Player of the Year Power Rankings for Nov. 27.
1. Julius Randle, Fr., Kentucky
Randle has begun his career with back-to-back-to-back-to-back-to-back-to-back double-doubles. The fewest offensive boards he's had in a game is four. He's averaging 19.8 points and 13.7 rebounds. At this point he won't just be the first Wildcat to average a double-double since Anthony Davis, but he'll be the best rebounder that John Calipari has coached in his career. He's simply been dominant on the inside, and is a large reason Kentucky is the No. 1 offensive rebounding team in the nation, and the 6th best team at getting to the line.
2. Jabari Parker, Fr., Duke
It's nearly impossible for highly rated freshman to live up to the hype, but Parker (like Randle) has done just that, and more. He's using more of the possessions (32.9%) than any player for Duke since tempo free data became available in the late 90s, and he's doing it with astonishing efficiency. Not only is he making 57% of his 2s and 61%!! of his 3s, but he's also controlling the boards and bringing down 8.8 per game in less than 30 minutes. He's already had several signature moments, my favorite of which was his one man break through five defenders for the slam. The only other guys his size who can do that are making an awful lot of money in the NBA.
3. Marcus Smart, So., Oklahoma State
The Cowboys are cruising, and a large part of that is Marcus Smart. Despite continued issues with his shot selection, he's quickly developing into the player everyone erroneously thought he was last year. Yes, he stuffs the statsheet, but now he's doing it with much more efficiency. With the new rules he's almost impossible to guard (2nd in the nation at drawing fouls), and he's a terror on the defensive end. Now if he'll just stop jacking so many 3s and instead focus on what he does best, which is getting into the lane and scoring, drawing fouls, or kicking to any one of the Cowboys' ridiculously accurate shooters
4. Jahii Carson, So., Arizona State
There's something about watching little guys dominate college basketball games that never gets old. Carson is in total control of ASU's offense, scoring 23 per game and adding 5.3 assists. After struggling with the 3-ball last year, he's made 56% of his attempts from the arc this season.
5. Jordan Adams, So., UCLA
Despite averaging 15.3 points as a freshman last year for UCLA, Adams was largely overlooked by the national media. That won't be the case this year. Through five games he's upped that average to 22.2 points by making 63% of his 2s, 46% of his 3s, and 87% of his free throws. He also joins Marcus Smart on the All-Terror team by stealing the ball on 6.5% of opponent possessions (8th best nationally).
6. Doug McDermott, Sr., Creighton
Another ho-hum season for McDermott. Using more possessions? Check. Better defensive rebounding numbers? Check. Improved 3-pt%? Check. All he's done is average 26.8 per game, and he gets a neutral site game vs Arizona State on Thanksgiving. We can all be thankful for that.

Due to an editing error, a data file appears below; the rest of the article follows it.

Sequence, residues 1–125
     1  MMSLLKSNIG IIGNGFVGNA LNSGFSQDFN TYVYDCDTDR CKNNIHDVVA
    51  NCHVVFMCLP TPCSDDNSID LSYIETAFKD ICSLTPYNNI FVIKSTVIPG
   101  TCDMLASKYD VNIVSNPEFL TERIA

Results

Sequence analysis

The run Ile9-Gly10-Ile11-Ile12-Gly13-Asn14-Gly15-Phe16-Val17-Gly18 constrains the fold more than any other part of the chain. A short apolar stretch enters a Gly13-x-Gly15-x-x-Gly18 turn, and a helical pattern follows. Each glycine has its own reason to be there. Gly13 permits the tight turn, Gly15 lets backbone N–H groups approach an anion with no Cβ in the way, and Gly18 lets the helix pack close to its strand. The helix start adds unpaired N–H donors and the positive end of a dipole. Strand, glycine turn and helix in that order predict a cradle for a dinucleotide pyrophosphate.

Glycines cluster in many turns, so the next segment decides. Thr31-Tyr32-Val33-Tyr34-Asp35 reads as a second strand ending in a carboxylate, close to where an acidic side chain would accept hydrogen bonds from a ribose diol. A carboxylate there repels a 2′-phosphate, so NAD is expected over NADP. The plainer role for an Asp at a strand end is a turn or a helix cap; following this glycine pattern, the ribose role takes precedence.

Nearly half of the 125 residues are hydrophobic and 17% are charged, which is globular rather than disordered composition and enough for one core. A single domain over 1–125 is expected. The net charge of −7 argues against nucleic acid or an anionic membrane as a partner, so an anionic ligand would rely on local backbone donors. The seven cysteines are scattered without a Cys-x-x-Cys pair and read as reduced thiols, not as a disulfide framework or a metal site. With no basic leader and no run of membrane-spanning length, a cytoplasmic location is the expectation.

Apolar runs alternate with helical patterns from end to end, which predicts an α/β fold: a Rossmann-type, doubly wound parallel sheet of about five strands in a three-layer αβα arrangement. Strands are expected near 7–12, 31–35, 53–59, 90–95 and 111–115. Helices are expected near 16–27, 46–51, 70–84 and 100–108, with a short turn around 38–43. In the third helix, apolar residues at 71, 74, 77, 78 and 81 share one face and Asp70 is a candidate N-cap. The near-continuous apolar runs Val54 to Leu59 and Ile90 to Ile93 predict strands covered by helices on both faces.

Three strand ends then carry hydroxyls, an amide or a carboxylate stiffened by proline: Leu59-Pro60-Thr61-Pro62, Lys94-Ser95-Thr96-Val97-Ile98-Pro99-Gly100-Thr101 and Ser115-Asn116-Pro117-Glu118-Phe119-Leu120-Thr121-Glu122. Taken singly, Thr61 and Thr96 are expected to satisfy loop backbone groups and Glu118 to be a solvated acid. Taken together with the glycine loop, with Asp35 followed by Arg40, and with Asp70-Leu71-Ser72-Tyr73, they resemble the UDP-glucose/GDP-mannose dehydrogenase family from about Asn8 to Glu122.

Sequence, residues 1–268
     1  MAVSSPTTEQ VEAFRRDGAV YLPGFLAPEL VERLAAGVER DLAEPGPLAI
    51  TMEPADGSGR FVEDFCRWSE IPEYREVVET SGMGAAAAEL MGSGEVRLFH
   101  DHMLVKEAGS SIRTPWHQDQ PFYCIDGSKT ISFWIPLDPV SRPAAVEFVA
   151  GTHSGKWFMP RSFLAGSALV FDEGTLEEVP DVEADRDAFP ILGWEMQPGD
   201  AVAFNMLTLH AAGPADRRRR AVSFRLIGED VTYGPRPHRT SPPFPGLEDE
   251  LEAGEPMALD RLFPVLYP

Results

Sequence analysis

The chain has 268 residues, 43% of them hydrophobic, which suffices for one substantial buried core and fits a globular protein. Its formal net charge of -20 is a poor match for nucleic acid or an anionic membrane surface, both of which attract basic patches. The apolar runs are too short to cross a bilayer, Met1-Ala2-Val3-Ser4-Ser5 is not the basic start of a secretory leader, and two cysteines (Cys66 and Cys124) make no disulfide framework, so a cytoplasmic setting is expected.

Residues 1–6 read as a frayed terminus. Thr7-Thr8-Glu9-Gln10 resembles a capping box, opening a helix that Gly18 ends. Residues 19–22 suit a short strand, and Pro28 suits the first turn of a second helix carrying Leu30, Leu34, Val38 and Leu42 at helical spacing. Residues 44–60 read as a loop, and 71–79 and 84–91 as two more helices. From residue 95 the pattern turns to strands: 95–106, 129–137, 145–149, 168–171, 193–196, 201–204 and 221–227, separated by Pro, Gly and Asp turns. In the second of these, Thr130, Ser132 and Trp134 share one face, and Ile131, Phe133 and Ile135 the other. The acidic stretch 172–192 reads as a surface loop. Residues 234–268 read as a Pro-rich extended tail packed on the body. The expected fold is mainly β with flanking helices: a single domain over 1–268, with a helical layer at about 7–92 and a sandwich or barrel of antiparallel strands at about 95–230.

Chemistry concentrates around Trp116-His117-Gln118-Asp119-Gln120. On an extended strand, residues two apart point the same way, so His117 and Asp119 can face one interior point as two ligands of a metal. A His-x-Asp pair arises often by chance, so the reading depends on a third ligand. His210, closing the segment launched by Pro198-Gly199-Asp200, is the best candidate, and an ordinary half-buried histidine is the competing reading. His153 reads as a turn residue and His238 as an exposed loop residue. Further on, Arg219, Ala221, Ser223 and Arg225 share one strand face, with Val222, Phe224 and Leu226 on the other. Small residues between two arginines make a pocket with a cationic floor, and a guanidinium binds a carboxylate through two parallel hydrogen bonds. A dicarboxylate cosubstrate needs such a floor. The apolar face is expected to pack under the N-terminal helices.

7. Russ Smith, Sr., Louisville
It's been a strange season for Russ Smith. He's increased his usage, 2-pt%, 3-pt%, FT%, and assist rate, and yet he's not being talked about as much as he was in previous seasons. Maybe the Russidiculous has worn off, and now he's just Russ. Only Russ is better. Who can't like a guy who put 16 3s vs UNC? Through six games Russ is averaging 20.2 points per game.
8. Anthony Drmic, Jr., Boise State
Buy Anthony Drmic stock while you still can. Sure his numbers are great (24.8 ppg, 5.0 rpg, 3.0 spg) but if you look at how he's done it, it's more impressive. Now in his 3rd year he's upped the percentage of the Broncos possessions he uses from 21.3% to 26.2% to 31.6%, and he's gotten more efficient each season. He draws more fouls/40 then any player in the Mountain West, he's been called for just seven fouls in four games, he doesn't turn the ball over, and just for kicks he steals the ball on 5.2% of opponent possessions.
9. Lamar Patterson, Sr., Pittsburgh
The Panthers have been dominant in the early going. Their schedule hasn't exactly been a huge challenge, but not a single team has come within 20 points. And Lamar Patterson leads them in points (17.0) and assists (5.3). Pitt has the 312th tempo in the nation, so Patterson won't get the possessions to put up huge numbers, but he's scored over 20 in three of the past four games and has made 14-25 (56%) 3s in that span, and added 18 assists to four turnovers.
10. Brad Waldow, Jr., St. Mary's
Everyone expected his numbers to decline once he was separated from the supernatural pick-and-roll abilities of Matthew Dellavedova. Instead, they've gone through the roof. Waldow is averaging 17.6 points and 7.6 rebounds. He's made 65% of his 2s and has posted the 2nd highest offensive efficiency (142.3) in the nation among high volume players. An overlooked stat is his ability to take care of the ball, despite being the focus of almost constant double teams. In 132 minutes he's turned the ball over twice.
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